SDG Coordination Mechanism

SDG Coordination Mechanism
Overview
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The implementation of the 2030 Agenda requires a solid institutional framework to steer implementation of the 2030 Agenda, leverage interlinkages between the Sustainable Development Goals (SDGs) and assure that the 2030 Agenda and National Plans are fully integrated. 

The Agenda recognises the essential role of effective, accountable, transparent, participatory and inclusive institutions in achieving the SDGs (SDG 16.6, SDG 16.7), tasking national Governments with the primary responsibility of shaping institutional arrangements for implementation and review of progress. It will be therefore critical at the national level to understand how to adjust national frameworks to deliver on the SDGs in an integrated and coherent manner, depicting synergies among the goals and minimizing the trade-offs. Institutional arrangements shall consider national circumstances, such as the political environment; existing institutions and their mandates; national policy frameworks for sustainable development; actors and stakeholders; and any other factors that might steer SDG implementation, including budgeting and planning processes. 

The format of the institutional arrangements varies from country to country; however, it can be noted that member States have tackled this task in two main ways: either creating new institutions, or repurposing and assigning new responsibilities to already existing ones, often set up during the Millennium Development Goals (MDGs) era, like National Councils for Sustainable Development (NCSD).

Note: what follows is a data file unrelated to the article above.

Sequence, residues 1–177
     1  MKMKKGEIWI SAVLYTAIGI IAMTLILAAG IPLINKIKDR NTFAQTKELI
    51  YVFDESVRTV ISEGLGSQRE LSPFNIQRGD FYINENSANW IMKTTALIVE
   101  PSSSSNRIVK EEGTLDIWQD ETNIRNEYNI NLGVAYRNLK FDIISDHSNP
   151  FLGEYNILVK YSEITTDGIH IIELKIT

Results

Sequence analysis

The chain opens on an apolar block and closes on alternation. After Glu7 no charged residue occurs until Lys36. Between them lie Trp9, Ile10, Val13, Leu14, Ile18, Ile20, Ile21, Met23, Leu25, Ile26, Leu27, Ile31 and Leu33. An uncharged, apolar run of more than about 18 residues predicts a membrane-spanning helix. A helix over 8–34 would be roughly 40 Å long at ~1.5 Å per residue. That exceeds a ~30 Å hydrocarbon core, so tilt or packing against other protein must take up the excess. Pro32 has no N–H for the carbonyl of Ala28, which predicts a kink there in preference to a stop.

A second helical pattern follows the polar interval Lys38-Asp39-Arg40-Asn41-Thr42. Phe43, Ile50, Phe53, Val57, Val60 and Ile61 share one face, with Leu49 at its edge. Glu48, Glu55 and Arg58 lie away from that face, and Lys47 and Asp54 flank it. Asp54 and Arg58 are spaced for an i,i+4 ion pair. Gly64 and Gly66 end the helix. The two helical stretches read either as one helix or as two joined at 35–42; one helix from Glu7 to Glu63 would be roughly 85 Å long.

Existing institutional coordination mechanisms can be classified into four groups  depending on which level of governance and under which leadership the coordination responsibility lies: a) inter-ministerial entities: i) under the Head of State or Government leadership; or ii) under the leadership of a specific ministry; b) arrangements refer to a single unit located in the office of: i) the Head of State or Government; ii) of specific ministry. All approaches can be found within the AP reporting countries. 

Creating inter-ministerial structure can favour a whole of Government approach, mobilising different parts of Governments around the 2030 Agenda and the SDGs in a coherent and integrated manner. Many of the countries that have established new mechanisms have opted for this system, as it eases integration. 

Background